This post contains spoilers. Side effects may include false hope.
Every “Game of Thrones” fan has a gut feeling about what to make of the season five finale, “Mother’s Mercy.” As Jon Snow lay bleeding on the ground — looking awfully dead, I might add — theories started pinging around the web, and certain truthers couldn’t believe yet another beloved character was done for. The desperation was palpable.
But what is the evidence telling us? Let’s find out with a round of CSI: Seven Kingdoms. (Cue David Caruso whipping off his shades and saying something profoundly nonsensical like: “Game of Thrones?” <
We might learn some new information at Friday’s Comic-Con panel — which will not have either Kit Harington or George R.R. Martin in attendance. But here’s what we know as of right now.
Kit Harington’s hair is long
Exhibit A is a series of photos taken of Harington (who portrays Snow) during Wimbledon last weekend. Harington has been vocal in the past about disliking Jon Snow’s long radiant locks, so you’d think he would chop them off as soon as his contract allowed. Why then does he still have all those magnificent curls? Curious.
Harington has unequivocally stated he isn’t coming back next season
Here’s what Harington told Entertainment Weekly:
“Quite honestly, I have never been told the future of things in this show, but this is the one time I have. They sat me down and said, ‘This is how it is.’ If anything in the future is not like that, then I don’t know about it – it’s only in David and Dan and George’s heads. But I’ve been told I’m dead. I’m dead. I’m not coming back next season. So that’s all I can tell you, really.”
Hollywood Reporter and IMDB are potentially flawed crystal balls
Meanwhile, Harington has been cast in one upcoming film, “Brimstone.” His “Thrones” shooting schedule gave him little time for movie making, so if he was slated to film numerous projects in the next year, that would give us a solid clue that his schedule is freeing up. As it is: inconclusive.
Jon has multiple, highly convenient opportunities to be resurrected
How opportune that right before Jon Snow was attacked, Melisandre showed up. We’ve never seen her bring someone back to life, but we know other Lord of the Light followers can. Meanwhile, there’s the chance that he could warg into his direwolf, Ghost. Again, we’ve never witnessed him accomplishing this, but Bran did it so it’s not without precedent. Then, of course, we have to consider the soulful looks Jon exchanged with the Night’s King. Could Jon end up fighting for that ice-covered maniac?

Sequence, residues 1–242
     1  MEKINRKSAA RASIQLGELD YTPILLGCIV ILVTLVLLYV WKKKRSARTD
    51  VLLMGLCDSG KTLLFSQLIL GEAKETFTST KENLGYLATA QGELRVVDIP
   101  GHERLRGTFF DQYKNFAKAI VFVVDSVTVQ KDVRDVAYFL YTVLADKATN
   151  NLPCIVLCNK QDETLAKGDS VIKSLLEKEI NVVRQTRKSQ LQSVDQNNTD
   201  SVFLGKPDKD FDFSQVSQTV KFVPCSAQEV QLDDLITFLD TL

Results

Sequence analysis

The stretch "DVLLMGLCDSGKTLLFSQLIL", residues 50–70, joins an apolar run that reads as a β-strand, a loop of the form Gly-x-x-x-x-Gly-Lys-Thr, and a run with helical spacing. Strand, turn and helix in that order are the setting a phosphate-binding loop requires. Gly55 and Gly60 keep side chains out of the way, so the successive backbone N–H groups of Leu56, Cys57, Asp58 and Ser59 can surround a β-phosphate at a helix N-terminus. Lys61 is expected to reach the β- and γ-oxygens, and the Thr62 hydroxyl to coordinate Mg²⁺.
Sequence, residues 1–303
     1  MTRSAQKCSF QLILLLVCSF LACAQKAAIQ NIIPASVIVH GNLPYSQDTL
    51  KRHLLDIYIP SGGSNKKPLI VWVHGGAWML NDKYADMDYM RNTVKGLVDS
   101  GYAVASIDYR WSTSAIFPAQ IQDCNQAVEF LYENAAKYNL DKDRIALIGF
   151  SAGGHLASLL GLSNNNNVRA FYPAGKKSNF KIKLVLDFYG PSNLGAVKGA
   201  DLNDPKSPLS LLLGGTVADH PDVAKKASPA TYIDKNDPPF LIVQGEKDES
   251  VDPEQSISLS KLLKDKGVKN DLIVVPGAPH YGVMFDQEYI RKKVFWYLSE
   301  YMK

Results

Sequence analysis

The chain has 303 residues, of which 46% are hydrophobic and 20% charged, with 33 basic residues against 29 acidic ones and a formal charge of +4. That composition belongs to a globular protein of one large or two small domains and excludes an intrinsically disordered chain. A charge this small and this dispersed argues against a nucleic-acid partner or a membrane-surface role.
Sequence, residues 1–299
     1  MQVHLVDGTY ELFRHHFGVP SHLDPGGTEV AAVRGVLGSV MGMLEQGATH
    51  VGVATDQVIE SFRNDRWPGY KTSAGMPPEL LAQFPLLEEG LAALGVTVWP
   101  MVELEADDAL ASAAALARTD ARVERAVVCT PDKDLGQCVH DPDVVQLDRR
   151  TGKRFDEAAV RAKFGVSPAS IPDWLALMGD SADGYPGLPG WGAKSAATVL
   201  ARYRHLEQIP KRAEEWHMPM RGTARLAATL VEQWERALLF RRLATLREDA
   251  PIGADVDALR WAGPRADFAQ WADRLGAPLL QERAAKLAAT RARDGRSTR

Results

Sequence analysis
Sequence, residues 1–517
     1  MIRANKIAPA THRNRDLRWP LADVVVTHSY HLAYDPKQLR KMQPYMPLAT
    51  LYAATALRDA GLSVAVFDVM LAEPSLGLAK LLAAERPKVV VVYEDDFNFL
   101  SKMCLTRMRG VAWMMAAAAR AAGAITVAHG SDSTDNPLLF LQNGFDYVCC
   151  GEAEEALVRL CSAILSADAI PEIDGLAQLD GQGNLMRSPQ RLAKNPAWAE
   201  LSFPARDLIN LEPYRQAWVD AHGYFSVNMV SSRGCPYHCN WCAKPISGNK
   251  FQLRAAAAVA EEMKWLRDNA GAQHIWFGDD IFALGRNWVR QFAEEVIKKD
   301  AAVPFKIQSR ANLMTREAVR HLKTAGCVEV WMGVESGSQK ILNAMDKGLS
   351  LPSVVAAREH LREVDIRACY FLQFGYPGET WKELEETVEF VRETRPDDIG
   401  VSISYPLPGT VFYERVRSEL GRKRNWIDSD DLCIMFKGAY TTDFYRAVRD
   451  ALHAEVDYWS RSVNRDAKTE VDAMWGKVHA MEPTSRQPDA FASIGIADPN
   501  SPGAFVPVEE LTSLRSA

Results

According to showrunner Dan Weiss, “dead is dead”
Weiss told Entertainment Weekly: “We would hope that after seeing the scene and the way it’s shot that the answer to that will be unambiguous in the minds of the people watching it … It should be pretty clear what happens by the time you’re done seeing that scene. It’s not an, ‘Oh what just happened scene?’”
But George R.R. Martin has made some cheeky comments
Martin’s most recent book, “A Dance With Dragons,” ends the same way “Mother’s Mercy” does — with Jon Snow dying from stab wounds. But Martin doesn’t seem nearly so certain about Jon’s fate. “Oh, you think he’s dead, do you?” Martin said during a sit-down with Entertainment Weekly.
Some other people who don’t really know anything also have opinions on the matter
Maisie Williams, who plays Arya, thinks Jon is dead. “People are really hurt by it, but that’s what this show does,” she told People. “If you haven’t learned that by now, well, I can’t help you.”
She has a point.
Emilia Clarke, however, is undecided. The woman who plays Daenerys Targaryen gives Jon a 50 percent chance of survival. But take that with a grain of salt. “I can, with all honesty, say I have no idea what’s happening,” she admitted.
The DNA evidence is telling
Book readers know that Jon’s parentage has been the subject of much debate and one dominant, not-at-all-crazy theory has emerged that would make Jon an eligible candidate for the Iron Throne. Why would Martin float such a tantalizing mystery if it wasn’t going to have some bearing on the story?
The whole point of “Game of Thrones” is to crush our spirits
Horatio Crane probably wouldn’t approve of this, because this is more emotions than evidence talking, but let’s be real: Week after week, we tune into HBO with the hope of some positive development, and time and again we are instead met with scenes of rape, murder, brutality and humiliation. The likable protagonists either die prematurely or turn out to be the kinds of people who would sacrifice their precocious daughters on a fiery pyre. And the most sadistic characters outstay their welcomes by at least three seasons.
So what does any of this mean? It’s so obvious. We’re missing one key piece of evidence: George R.R. Martin’s sixth book, “Winds of Winter.”